Even as it intensifies its threats against Russia, the US is ratcheting up its military maneuvers in Asia. According to media reports, the US is planning within the next two weeks to sail warships inside territorial waters claimed by China. These provocative actions follow the finalization of the Trans Pacific Partnership, a trade and investment deal between the US, Japan and other Asian economies concluded with the specific aim of isolating China and countering its influence in the region.
The United States is not the only imperialist power asserting its interests on the global stage. Japan is remilitarizing and expanding its arms industry, currently with the encouragement of the Obama administration. Germany is once again asserting its claim to hegemony over the European continent, and has global ambitions. German imperialism, which came into conflict with the United States in the two world wars of the Twentieth Century, has its own interests in Syria, Iran, Russia and China.
To the economic and geopolitical crisis must be added the extreme crisis of bourgeois rule. The old political institutions, used by the ruling class for decades, are breaking apart or in disarray. In the United States, in the midst of an election campaign dominated by the spokesmen of various billionaires, the political system is increasingly dysfunctional.
One of the principal parties of the ruling class, the Republican Party, has been thrown into chaos following the withdrawal of Kevin McCarthy, the current House majority leader, from the contest to become the new House speaker. According to media reports, representatives who had gathered to select the speaker of the house—the second person in the line of presidential succession—were in “total shock,” with some audibly weeping as the gathering broke up.
All of these crises are surface manifestations of something more profound: the crisis of the world capitalist system itself. This crisis brings with it the danger of world war and a descent into barbarism. At the same time, it creates the objective basis for the overthrow of the capitalist system—the radicalization of the working class internationally.
Decades of war, intensifying economic crisis and growing social inequality have produced immense changes in the consciousness of billions of workers and young people internationally. These subterranean processes are beginning to break to the surface. There is everywhere a growing restlessness and desire to fight.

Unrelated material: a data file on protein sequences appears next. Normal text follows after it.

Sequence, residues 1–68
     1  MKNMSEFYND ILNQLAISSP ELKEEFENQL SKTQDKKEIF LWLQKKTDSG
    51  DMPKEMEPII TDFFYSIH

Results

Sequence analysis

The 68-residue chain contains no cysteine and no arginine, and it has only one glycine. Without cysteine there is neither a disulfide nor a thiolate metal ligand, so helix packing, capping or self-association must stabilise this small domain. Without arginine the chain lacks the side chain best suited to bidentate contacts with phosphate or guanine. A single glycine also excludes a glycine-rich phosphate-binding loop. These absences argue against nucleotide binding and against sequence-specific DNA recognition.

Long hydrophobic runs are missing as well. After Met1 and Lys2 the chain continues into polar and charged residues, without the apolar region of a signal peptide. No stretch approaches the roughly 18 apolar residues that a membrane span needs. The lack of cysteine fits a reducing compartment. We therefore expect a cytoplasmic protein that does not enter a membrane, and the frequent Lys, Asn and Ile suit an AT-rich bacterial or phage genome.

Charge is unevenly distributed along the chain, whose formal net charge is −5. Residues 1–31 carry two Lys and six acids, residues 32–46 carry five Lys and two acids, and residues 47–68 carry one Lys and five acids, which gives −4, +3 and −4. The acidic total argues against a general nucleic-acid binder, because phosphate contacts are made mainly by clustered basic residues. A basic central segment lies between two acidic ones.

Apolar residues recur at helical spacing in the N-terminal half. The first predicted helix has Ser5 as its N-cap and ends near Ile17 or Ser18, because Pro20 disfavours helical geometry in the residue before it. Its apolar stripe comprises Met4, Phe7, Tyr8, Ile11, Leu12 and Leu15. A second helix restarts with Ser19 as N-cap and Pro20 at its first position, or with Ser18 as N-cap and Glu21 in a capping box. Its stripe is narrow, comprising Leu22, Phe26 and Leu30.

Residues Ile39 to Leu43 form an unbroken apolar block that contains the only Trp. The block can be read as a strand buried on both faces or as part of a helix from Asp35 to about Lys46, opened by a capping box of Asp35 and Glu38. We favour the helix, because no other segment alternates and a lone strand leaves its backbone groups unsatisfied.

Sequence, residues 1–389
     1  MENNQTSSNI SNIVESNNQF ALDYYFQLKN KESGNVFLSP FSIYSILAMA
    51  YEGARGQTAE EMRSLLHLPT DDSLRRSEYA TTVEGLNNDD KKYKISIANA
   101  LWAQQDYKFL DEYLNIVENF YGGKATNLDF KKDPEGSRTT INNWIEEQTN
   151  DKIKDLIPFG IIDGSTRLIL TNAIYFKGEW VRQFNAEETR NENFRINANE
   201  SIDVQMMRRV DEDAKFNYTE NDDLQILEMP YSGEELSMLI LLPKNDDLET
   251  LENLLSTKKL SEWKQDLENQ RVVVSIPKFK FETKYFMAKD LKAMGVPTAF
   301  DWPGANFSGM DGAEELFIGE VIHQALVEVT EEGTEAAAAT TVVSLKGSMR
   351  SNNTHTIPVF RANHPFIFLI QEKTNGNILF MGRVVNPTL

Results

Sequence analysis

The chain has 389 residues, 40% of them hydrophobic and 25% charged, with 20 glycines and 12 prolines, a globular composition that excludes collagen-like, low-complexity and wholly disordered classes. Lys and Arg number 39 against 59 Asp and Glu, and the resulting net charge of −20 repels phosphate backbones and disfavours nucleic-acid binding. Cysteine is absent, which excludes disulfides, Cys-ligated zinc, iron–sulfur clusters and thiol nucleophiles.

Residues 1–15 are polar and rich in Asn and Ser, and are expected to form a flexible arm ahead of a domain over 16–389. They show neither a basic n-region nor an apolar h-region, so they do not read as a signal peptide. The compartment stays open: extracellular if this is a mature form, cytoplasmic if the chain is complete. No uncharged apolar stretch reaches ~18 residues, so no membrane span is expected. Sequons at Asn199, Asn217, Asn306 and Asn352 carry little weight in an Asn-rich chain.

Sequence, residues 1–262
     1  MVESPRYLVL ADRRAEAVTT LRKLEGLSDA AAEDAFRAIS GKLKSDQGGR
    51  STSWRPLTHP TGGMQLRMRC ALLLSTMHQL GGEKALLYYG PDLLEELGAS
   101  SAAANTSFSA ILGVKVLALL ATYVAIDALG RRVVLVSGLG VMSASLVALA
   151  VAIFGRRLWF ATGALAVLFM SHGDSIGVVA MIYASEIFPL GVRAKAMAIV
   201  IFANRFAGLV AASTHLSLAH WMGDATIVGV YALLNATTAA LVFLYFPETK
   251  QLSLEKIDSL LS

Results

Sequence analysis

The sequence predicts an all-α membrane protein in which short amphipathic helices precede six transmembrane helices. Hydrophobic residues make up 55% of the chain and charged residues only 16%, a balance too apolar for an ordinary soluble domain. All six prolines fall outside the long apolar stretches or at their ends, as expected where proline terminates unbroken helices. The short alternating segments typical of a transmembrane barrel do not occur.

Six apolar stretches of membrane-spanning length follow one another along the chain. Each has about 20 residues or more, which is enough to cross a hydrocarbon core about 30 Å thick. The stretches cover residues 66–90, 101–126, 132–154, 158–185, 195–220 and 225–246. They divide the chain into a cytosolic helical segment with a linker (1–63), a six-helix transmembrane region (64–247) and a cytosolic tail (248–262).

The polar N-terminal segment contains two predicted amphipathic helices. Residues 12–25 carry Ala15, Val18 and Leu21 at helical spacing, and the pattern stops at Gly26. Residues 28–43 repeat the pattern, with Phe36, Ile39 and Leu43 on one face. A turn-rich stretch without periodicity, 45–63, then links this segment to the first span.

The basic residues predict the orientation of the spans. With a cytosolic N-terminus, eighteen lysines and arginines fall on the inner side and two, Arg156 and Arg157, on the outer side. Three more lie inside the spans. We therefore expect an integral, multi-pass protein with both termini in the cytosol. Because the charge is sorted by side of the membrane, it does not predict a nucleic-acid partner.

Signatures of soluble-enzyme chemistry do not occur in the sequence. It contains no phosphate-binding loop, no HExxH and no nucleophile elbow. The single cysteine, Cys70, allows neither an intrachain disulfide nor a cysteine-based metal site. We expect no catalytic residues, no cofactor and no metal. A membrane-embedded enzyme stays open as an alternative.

In a period of crisis, the class character of political tendencies emerges more clearly. In Greece, opposition to austerity swept the Coalition of the Radical Left (Syriza) to power at the beginning of the year. The organization was proclaimed by all manner of pseudo-socialist and pseudo-left organizations to be the hope for the future, an alternative to the bank-dictated impoverishment of the Greek working class and youth.
Ten months later, Syriza leader Alexis Tsipras is leading the campaign to impose a new round of EU-backed austerity. “We have to tighten our belts,” he declared this week as he unveiled the government’s new budget, “to dare to implement the reforms this country needs.” Meanwhile, former Syriza Finance Minister Yanis Varoufakis, the self-described “erratic Marxist,” has announced his admiration for Margaret Thatcher.
Not only have the pseudo-left representatives of more privileged sections of the middle class been exposed in Greece as the accomplices of austerity, they have also served as champions of imperialist operations in the Middle East. In Syria, groups and publications such as the International Socialist Organization and International Viewpoint have provided the “human rights” justifications for the CIA drive to bring down the Assad regime by stoking a catastrophic sectarian civil war. Parroting the most rabidly militaristic factions of the US ruling class, they criticize the Obama administration for not moving quickly or aggressively enough to oust Assad.
A political realignment is beginning to take place, bringing with it a growing intersection between the perspective and program fought for by the International Committee of the Fourth International and the upsurge of working-class struggle. In the United States, the WSWS has played a central role in a growing movement of autoworkers, who are striving to cast off the dead weight of the trade unions and take an independent path. This is a significant indication of a radicalization and political reorientation of the working class in the United States.
The expanding crisis is a symptom of capitalism in an advanced state of disintegration.